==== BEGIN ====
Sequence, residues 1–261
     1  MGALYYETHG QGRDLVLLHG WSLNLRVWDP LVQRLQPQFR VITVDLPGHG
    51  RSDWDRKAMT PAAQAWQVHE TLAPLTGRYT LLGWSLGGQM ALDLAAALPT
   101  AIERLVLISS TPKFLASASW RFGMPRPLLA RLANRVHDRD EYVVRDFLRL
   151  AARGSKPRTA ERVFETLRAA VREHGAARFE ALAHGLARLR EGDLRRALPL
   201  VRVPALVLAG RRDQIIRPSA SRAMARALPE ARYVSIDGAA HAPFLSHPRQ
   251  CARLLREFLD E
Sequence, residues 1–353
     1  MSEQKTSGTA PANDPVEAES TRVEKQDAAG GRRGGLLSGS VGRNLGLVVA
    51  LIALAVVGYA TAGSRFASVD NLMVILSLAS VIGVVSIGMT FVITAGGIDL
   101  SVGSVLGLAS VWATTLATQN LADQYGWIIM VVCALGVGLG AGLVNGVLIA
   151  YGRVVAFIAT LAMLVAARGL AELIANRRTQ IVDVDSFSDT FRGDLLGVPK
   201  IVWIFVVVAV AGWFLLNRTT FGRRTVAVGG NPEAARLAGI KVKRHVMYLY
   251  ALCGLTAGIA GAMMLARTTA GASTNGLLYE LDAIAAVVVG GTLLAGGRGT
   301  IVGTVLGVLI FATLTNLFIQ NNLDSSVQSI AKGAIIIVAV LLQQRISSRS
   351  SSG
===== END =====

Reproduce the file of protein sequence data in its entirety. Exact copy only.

Sequence, residues 1–261
     1  MGALYYETHG QGRDLVLLHG WSLNLRVWDP LVQRLQPQFR VITVDLPGHG
    51  RSDWDRKAMT PAAQAWQVHE TLAPLTGRYT LLGWSLGGQM ALDLAAALPT
   101  AIERLVLISS TPKFLASASW RFGMPRPLLA RLANRVHDRD EYVVRDFLRL
   151  AARGSKPRTA ERVFETLRAA VREHGAARFE ALAHGLARLR EGDLRRALPL
   201  VRVPALVLAG RRDQIIRPSA SRAMARALPE ARYVSIDGAA HAPFLSHPRQ
   251  CARLLREFLD E
Sequence, residues 1–353
     1  MSEQKTSGTA PANDPVEAES TRVEKQDAAG GRRGGLLSGS VGRNLGLVVA
    51  LIALAVVGYA TAGSRFASVD NLMVILSLAS VIGVVSIGMT FVITAGGIDL
   101  SVGSVLGLAS VWATTLATQN LADQYGWIIM VVCALGVGLG AGLVNGVLIA
   151  YGRVVAFIAT LAMLVAARGL AELIANRRTQ IVDVDSFSDT FRGDLLGVPK
   201  IVWIFVVVAV AGWFLLNRTT FGRRTVAVGG NPEAARLAGI KVKRHVMYLY
   251  ALCGLTAGIA GAMMLARTTA GASTNGLLYE LDAIAAVVVG GTLLAGGRGT
   301  IVGTVLGVLI FATLTNLFIQ NNLDSSVQSI AKGAIIIVAV LLQQRISSRS
   351  SSG